The California Department of Pesticide Regulation (DPR) has approved a new, reduced-risk insesticide under a streamlined registration process now in its second year.
DPR has approved spinetoram for use on corn, bulb crops, fruiting vegetables, bush berries, and tree fruit to control various insects, including leafminers, thrips, and lepidopterous larvae.
Developed by Dow AgroSciences, spinetoram is part of a class of chemicals derived from a fermentation process using natural soil organisms. These products work by binding to nerve sites inside the target insect, according to the company. For some crops and pests, spinetoram is expected to offer an alternative to older pesticides of regulatory concern, including chlorpyrifos and other organophosphates.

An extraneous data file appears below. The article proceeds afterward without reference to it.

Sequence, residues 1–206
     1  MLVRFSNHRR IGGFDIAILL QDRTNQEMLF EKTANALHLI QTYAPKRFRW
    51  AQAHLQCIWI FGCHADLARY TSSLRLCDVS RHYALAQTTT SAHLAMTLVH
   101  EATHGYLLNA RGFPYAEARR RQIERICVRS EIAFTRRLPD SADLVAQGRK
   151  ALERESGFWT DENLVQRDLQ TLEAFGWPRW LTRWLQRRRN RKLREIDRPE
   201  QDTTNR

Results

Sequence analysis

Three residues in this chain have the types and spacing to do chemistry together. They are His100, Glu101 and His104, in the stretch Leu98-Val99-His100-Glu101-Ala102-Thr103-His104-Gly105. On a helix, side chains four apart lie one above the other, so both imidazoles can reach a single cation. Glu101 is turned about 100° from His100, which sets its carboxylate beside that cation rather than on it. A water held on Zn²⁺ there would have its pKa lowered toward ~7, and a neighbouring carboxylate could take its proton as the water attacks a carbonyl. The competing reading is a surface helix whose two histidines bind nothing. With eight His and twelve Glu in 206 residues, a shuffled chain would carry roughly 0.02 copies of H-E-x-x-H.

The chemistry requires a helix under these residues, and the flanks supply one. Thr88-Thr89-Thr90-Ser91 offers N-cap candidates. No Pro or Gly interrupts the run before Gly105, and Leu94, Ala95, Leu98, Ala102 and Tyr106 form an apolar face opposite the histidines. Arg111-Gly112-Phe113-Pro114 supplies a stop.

A new active ingredient, spinetoram is among a number of new-generation pesticides coming to market. In general, they tend to be less toxic to people, less persistent in the environment, harmless to beneficial insects, and offer a practical alternative to older, harsher pesticides. Its approval was expedited thanks to California legislation that allows DPR to speed up approval of new chemicals without compromising the state’s stringent environmental standards.